Social Impact Bonds: the small print

 

The solution to the crisis in public sector finances is simple. If we could create a financial mechanism so investors’ funds are used up front, thereby transferring the risk to the independent sector, and then over the long term, if the public sector received £1 for every time someone talks about Social Impact Bonds, then we could wipe off the deficit tomorrow.

Cabinet Ministers talk excitedly about their potential, the Chief Economist of Goldman Sachs writes in the Financial Times about how they could solve the crisis in public finances, the Americans are sniffing around and all across the UK, social enterprises are desperate to get a piece of the action.

But if we listen properly to Social Finance – the leading proponents of Social Impact Bonds – they make it clear in their own publications (which are carefully thought through and of a high quality) then we can read about their limitations (albeit slightly hidden away in an annex).

Social Finance stress the preconditions for a successful Social Impact Bond include:

  • all stakeholders need to agree how to assess outcomes;
  • a target population must be identifiable, accessible, large enough but targeted enough;
  • there must be confidence in the impact of the investment and that the interventions will achieve the outcomes;
  • public sector savings must be larger than the costs of interventions, must be cashable and should accrue to one or two public sector agencies; and
  • it must be a priority area for the public sector and for investors

Social Finance also note that the first Social Impact Bond is in a pilot phase and has not yet developed a track record.

So we have an idea in its early phases, which will only be replicated where everyone wants to address a problem and can agree how to measure the solution with a handful of beneficiaries, where we know the services deliver and where we can deliver actual cash for a budget-holder.  

Social Finance should be congratulated for developing a brave and innovative idea. But we should also listen to them when they say we maybe shouldn’t get quite so excited just yet.

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3 Responses to Social Impact Bonds: the small print

  1. Pingback: From community councils to a Pop Up think tank | Jo Ivens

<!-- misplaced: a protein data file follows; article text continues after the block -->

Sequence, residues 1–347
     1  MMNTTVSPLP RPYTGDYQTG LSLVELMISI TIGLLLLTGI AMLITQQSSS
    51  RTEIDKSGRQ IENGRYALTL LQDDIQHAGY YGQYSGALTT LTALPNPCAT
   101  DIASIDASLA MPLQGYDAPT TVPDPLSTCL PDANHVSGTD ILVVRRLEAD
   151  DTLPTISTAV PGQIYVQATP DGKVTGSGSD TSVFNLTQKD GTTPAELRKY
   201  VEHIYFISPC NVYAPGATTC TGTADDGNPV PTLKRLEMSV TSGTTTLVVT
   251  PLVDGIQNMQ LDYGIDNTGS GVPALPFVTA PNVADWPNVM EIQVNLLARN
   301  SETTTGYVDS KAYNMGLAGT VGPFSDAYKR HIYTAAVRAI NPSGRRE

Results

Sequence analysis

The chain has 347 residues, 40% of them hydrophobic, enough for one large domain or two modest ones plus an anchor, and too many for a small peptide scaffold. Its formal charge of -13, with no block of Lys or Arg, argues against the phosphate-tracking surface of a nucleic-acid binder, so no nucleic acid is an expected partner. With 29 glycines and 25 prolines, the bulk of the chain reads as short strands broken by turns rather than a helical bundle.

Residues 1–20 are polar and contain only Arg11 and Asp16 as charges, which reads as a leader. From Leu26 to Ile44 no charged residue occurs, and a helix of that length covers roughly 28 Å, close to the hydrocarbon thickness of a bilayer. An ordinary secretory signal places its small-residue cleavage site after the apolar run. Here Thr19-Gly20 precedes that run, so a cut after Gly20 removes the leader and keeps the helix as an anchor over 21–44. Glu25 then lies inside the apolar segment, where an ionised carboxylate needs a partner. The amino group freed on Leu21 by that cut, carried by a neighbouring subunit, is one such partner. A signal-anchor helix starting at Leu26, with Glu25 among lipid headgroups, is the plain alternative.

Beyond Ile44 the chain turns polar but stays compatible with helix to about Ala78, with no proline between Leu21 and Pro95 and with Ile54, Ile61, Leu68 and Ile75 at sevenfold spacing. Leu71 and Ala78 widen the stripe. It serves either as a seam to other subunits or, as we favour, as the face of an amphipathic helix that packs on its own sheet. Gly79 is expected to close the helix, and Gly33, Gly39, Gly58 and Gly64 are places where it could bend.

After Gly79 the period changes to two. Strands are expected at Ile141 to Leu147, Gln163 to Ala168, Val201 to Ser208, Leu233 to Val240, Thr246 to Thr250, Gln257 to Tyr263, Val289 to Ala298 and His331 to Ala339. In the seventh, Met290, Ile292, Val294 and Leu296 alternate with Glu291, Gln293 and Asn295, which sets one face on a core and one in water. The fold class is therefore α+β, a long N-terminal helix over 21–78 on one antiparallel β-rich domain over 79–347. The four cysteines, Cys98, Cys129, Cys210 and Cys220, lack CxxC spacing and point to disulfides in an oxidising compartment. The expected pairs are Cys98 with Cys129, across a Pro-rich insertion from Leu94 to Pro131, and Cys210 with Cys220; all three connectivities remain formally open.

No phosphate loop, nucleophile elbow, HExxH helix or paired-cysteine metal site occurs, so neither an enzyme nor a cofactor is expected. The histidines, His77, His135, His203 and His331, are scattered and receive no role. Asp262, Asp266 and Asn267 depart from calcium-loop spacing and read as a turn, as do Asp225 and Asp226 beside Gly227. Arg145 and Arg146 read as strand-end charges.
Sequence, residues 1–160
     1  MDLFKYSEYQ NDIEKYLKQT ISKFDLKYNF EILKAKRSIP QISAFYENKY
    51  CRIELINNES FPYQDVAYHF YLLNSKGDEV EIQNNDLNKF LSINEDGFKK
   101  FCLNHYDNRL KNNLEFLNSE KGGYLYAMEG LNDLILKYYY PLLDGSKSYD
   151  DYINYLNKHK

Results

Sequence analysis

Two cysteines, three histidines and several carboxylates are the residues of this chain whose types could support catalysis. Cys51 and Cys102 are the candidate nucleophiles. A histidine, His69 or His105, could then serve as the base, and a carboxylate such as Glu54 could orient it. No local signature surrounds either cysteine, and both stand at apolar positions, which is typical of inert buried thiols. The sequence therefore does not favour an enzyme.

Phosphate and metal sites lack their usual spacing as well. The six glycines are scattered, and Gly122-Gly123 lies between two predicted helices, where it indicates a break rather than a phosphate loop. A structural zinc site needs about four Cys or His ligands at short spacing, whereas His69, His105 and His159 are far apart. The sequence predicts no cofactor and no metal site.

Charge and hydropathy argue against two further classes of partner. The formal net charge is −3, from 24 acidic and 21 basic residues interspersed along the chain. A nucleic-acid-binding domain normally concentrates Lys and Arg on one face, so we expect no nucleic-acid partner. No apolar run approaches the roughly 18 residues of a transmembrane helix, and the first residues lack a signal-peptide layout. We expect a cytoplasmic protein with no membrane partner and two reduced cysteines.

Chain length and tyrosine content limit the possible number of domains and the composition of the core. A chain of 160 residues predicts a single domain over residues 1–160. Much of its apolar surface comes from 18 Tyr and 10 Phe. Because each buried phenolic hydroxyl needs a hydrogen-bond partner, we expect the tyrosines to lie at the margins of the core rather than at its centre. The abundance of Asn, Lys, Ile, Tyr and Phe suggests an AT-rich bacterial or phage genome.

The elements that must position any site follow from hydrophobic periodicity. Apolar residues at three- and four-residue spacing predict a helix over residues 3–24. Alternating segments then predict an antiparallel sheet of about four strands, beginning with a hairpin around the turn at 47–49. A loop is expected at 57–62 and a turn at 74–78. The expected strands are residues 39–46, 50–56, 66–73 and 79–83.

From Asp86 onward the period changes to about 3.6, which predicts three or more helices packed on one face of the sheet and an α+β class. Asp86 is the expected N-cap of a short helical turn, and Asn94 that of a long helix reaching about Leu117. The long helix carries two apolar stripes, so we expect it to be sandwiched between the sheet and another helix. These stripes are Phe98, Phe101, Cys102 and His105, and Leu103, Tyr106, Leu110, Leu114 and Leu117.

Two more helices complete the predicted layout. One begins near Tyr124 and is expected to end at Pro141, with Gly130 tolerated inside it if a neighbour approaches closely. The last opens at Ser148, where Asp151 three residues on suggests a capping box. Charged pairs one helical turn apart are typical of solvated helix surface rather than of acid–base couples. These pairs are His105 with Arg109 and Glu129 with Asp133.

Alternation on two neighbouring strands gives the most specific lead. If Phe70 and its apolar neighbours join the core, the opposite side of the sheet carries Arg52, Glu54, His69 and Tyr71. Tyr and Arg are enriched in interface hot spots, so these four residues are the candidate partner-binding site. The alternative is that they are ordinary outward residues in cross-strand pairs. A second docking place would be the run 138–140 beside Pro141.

2. Suitpossum says:

    I went to the Social Impact Bond conference run by Social Finance a couple months ago. It’s an interesting concept and yep, plenty of ground still to cover.

    Firstly, from a structural perspective, they only work for certain types of social issues. In particular, social issues where preventative interventions can be clearly measured and thereby monetised through a government contract that rewards the prevention. That’s not a criticism, it’s just one of the realities.

    Secondly, from an investment perspective they pose a lot of problems – For a start they’re not actually bonds – they’re more like a private equity fund with limited partners – that makes them pretty illiquid (i.e. once you buy it you’re kind of stuck in it for like 8 years or so). Also, they’re pretty risky, especially seeing as though you can’t get out of them once you’re in and there’s no real guarantee that the prevention will actually take place. Finally, they’re too small still for most investors to notice.

    Again, those are not criticisms per se, they’re just the normal hurdles that new stuff has to go through. Will be interesting to see how they progress.

  3. Katie Hill says:

    I’m wondering if there is a way of offering the beneficiaries themselves a share in investment opportunity, under certain Social Impact Bonds. It seems reasonable they too should engage and be incentivised to make a new approach work. Could the beneficiaries have an investment ‘allocated’ ( or held in trust) to them, underwritten by other investors. The capital and a proportion of the returns could be refunded to these guarantors if the intervention is successful, with a remaining proportion of returns allocated to the beneficiaries. Over large samples, it will be small returns, but it stops the sense of having something done to them, instead they become part of the outcome not just the investment opportunity. The proportion of returns allocated to the beneficiaries could be set at any figure, and they could be tied to mentoring obligations.

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